by Sandor Stern
Dear Republican Friends,
Regarding your stand on healthcare…
This country spends more on health care than any other country in the world. One would expect that fact to translate into the best medical care. I know you believe it does, and you are correct when it comes to medical advances and facilities, but we are not even close to the best when it comes to the medical care of our population. According to statistics from the World Health Organization, we spend almost twice as much per capita than any other nation – $7290 in 2007 and it has increased since then. That amounts to 16% of our GDP. 18.5% of government revenue is spent on health care. And what do we get for that money? Our life expectancy is lower and our infant mortality rate is higher than every other industrial nation. Our system is ranked 37th in the world among 191 nations. And your reaction to those facts is a pledge to repeal the 2010 Affordable Care Act – the most comprehensive health care reform in 45 years.
You brand it with an Obamacare label in your effort to denigrate it. That is laughable; firstly because it mirrors Romney’s Massachusetts Health Care Plan of 2006 (framed by the Republican conservative think tank’s Heritage Foundation) and secondly because it does not reflect the single payer plan that Obama would have liked. Though Democrats held a majority in the senate, they fell short of the sixty votes needed to pass a bill unpalatable to the Republican senators. The Affordable Care Act was obviously a compromise. Given its auspices it seemed a safe direction. It’s basis is insurance coverage through private companies. Who would have guessed that the Republican party and its presidential nominee would disown a plan like that? In hindsight, considering the Republican about face on so many of your previous legislative bills, this should not have come as a surprise.
What baffles me is your disregard for Romney’s turn around. He initially touted his plan (that included mandatory insurance for all) as a model for the nation. Then he waffled by saying his plan was good for his state but not for the nation. Now he avoids the subject. My question to you is: if the plan is good for the state why not for the nation? All this hue and cry goes on about the Romney plan, but nobody seems to ask the pertinent question – is it working for the people of Massachusetts? 98% of Massachusetts residence now have insurance, including 99.8% of children. Two out of three adults in the state support the law and 88% of doctors say it improved or did not affect the quality of care. It seems the proof is in the pudding.
To this date, the Affordable Care Act has improved health insurance coverage in many ways. Children can stay on their parents’ policies until the age of 26. Individuals with existing insurance policies no longer have to pay deductibles and other out-of-pocket expenses for certain preventive care services. Children under 19 cannot be denied insurance because of a pre-existing condition. Insurance companies cannot drop your coverage if you become sick, nor can they place lifetime limits or arbitrary annual limits on coverage. Insurance companies are required to spend more of the premium dollars they receive on health care services and quality. It becomes easier to file complaints about the quality of care in a nursing home. Better access to information on nursing home quality and resident rights is available. Seniors who reach the Medicare doughnut hole receive a 50 percent discount on brand-name prescription drugs and a 14 percent discount on generic prescription drugs. Medicare benefits have expanded to include free coverage for wellness and preventive care. Hospitals that improve the quality of care for people with Medicare can qualify for new payments.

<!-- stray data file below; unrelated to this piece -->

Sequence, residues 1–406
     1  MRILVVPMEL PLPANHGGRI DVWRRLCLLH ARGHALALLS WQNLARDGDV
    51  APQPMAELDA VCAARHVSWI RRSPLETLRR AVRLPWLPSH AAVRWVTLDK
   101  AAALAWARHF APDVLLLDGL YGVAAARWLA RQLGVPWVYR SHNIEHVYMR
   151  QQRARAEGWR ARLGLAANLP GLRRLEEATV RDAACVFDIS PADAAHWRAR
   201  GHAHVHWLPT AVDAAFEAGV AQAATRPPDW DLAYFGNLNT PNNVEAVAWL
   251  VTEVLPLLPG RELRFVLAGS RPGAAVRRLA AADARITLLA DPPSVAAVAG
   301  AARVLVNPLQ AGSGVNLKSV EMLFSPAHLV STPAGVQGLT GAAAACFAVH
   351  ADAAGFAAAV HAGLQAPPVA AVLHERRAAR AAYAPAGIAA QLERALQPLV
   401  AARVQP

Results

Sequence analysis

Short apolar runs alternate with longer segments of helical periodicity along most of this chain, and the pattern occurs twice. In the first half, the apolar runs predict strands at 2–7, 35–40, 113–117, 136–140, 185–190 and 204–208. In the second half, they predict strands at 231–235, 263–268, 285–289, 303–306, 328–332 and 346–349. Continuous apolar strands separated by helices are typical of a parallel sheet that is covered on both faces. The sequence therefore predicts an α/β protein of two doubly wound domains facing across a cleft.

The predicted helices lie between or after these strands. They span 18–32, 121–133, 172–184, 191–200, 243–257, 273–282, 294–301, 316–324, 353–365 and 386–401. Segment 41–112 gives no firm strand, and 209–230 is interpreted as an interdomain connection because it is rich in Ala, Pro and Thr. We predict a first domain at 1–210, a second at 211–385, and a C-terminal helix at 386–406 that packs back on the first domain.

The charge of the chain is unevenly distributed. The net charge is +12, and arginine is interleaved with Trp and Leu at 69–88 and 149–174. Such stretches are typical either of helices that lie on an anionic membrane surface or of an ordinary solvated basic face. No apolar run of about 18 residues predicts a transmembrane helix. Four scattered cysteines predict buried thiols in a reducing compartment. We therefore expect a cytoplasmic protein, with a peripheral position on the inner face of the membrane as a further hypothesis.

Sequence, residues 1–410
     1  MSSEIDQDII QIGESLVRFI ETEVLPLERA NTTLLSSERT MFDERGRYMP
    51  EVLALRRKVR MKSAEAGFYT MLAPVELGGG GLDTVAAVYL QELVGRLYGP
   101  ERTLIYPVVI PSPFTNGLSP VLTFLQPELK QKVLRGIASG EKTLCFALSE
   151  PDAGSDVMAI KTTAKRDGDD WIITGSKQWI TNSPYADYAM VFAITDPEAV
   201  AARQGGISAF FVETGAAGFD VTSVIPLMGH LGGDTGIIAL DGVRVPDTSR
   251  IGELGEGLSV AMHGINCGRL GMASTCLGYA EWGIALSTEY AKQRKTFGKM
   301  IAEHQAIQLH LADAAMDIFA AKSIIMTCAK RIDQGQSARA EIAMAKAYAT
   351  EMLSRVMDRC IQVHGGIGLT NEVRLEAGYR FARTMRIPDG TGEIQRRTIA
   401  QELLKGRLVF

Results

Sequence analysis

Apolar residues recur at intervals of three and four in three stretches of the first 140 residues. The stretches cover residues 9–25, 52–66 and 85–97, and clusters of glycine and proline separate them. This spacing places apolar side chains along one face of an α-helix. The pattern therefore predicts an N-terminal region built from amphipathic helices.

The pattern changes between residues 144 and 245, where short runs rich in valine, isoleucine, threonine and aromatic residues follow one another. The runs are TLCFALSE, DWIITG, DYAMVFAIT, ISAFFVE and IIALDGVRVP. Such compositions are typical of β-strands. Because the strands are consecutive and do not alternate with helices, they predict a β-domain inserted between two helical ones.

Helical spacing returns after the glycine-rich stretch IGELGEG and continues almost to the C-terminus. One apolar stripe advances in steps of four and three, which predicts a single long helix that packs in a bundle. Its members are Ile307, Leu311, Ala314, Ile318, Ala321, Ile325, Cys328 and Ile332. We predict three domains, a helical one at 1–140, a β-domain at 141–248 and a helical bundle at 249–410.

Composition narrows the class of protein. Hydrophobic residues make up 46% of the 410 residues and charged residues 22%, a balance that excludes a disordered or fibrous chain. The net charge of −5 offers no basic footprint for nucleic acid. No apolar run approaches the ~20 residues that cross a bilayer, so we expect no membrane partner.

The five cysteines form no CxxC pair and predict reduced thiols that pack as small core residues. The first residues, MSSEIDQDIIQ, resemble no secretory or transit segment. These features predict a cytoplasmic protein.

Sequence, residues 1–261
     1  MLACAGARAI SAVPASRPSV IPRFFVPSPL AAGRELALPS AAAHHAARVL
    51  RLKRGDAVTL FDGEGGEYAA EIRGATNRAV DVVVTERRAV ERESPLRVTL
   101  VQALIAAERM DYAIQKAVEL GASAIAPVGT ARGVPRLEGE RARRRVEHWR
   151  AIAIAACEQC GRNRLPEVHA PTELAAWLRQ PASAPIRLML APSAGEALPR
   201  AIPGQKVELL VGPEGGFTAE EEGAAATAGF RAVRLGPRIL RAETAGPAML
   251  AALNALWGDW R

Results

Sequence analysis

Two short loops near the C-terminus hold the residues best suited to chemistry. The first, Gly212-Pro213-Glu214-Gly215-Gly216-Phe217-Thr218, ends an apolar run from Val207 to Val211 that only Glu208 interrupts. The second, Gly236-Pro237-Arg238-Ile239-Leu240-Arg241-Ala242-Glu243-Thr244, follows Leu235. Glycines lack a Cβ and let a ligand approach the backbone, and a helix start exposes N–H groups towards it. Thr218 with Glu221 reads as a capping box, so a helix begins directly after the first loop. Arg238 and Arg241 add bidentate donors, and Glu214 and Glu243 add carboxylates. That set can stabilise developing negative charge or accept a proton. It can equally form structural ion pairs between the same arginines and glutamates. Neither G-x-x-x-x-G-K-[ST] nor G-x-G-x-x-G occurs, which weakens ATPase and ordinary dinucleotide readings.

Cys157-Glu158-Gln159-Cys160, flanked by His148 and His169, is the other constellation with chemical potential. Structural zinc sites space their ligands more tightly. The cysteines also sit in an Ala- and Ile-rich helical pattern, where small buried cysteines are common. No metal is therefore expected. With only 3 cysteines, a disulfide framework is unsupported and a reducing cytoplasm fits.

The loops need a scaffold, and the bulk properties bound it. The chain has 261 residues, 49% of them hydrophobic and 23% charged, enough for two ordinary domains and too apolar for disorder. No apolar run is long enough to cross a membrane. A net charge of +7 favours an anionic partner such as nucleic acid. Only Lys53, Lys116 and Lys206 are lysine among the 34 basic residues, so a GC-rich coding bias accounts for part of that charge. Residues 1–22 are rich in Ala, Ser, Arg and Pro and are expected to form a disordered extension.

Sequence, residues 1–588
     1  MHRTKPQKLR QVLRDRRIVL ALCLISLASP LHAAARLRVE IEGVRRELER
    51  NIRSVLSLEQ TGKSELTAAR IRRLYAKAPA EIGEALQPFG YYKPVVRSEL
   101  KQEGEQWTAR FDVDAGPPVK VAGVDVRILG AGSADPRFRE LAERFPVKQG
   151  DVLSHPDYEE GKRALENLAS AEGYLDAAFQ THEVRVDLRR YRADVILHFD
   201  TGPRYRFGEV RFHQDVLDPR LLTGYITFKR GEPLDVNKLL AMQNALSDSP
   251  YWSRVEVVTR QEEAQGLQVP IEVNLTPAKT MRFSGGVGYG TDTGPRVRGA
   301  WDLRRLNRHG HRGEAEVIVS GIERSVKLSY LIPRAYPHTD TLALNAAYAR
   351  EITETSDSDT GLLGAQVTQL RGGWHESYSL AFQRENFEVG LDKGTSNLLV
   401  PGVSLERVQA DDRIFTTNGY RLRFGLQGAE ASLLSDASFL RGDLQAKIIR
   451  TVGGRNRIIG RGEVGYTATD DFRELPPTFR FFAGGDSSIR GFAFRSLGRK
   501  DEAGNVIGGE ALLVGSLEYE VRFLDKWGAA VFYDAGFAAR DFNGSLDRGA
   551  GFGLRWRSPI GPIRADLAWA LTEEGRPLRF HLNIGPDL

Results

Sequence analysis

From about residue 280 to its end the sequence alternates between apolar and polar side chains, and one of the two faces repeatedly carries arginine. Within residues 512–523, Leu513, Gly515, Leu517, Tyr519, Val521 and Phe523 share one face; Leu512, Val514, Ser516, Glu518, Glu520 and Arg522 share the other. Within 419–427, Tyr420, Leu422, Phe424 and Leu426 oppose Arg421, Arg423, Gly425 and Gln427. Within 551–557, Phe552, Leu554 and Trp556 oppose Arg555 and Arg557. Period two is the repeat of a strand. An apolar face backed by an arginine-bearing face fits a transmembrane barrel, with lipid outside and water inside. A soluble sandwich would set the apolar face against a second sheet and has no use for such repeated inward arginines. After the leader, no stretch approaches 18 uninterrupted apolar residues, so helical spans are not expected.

But that’s not all. Yet to come in 2013: Those who reach the Medicare doughnut hole receive a 52.5 percent discount on brand-name prescription drugs and a 21 percent discount on generic prescription drugs. Increased funding will be available to help families and children get coverage through Medicaid and the Children’s Health Insurance program (CHIP). Hospitals and doctors can qualify to receive a new type of payment (called a “bundle”) to coordinate with each other as they care for patients. Yet to come in 2014: Insurance companies cannot deny anyone health coverage because of a pre-existing condition. Those who reach the Medicare doughnut hole receive a 52.5 percent discount on brand-name prescription drugs and a 28 percent discount on generic prescription drugs. Subsidies are available for those with limited incomes who purchase health insurance through an exchange. Children, parents and adults without children who do not have Medicare and who have a limited income are able to apply for Medicaid. Spouses of people on Medicaid who receive care services at home get the same protections for income and other resources as spouses of those on Medicaid who live in nursing homes. Yet to come in 2020: after continuing yearly declines in doughnut hole costs, the Medicare Part D coverage gap or “doughnut hole” will be completely closed.
These are the present and future benefits of the Affordable Care Act that you want to repeal. Why? You claim multiple reasons. You rail against the mandatory coverage. You consider it socialism. Under your definition of socialism that would make mandatory withholding taxes for social security, Medicare, and Unemployment insurance socialism. It would make mandatory driver’s licenses socialism. In fact, mandatory income tax would have to be listed under your definition. Yet, there are no socialist aspects to the Affordable Care Act. Individuals purchase their coverage in an open market from private insurance companies. The physicians who provide services work on a fee for service basis. Hospitals and laboratories remain in the hands of private enterprise. So where is the socialism you love to scream about?
You claim that the costs of insurance will go up. Without doubt if there is no mandatory coverage that will be true. That was true before the ACA and was one of the prime reasons to institute the act. When healthy young people are not buying insurance, the price goes up for those older and in poor health. Mandatory coverage keeps the costs down. And before grumbling over that, how many people paying into social security and Medicare die too young to ever collect a dime? How many people pay unemployment insurance and never need to collect a check in return? That’s why it’s called insurance. It’s a necessary price one pays today just in case the day arrives when the need arises.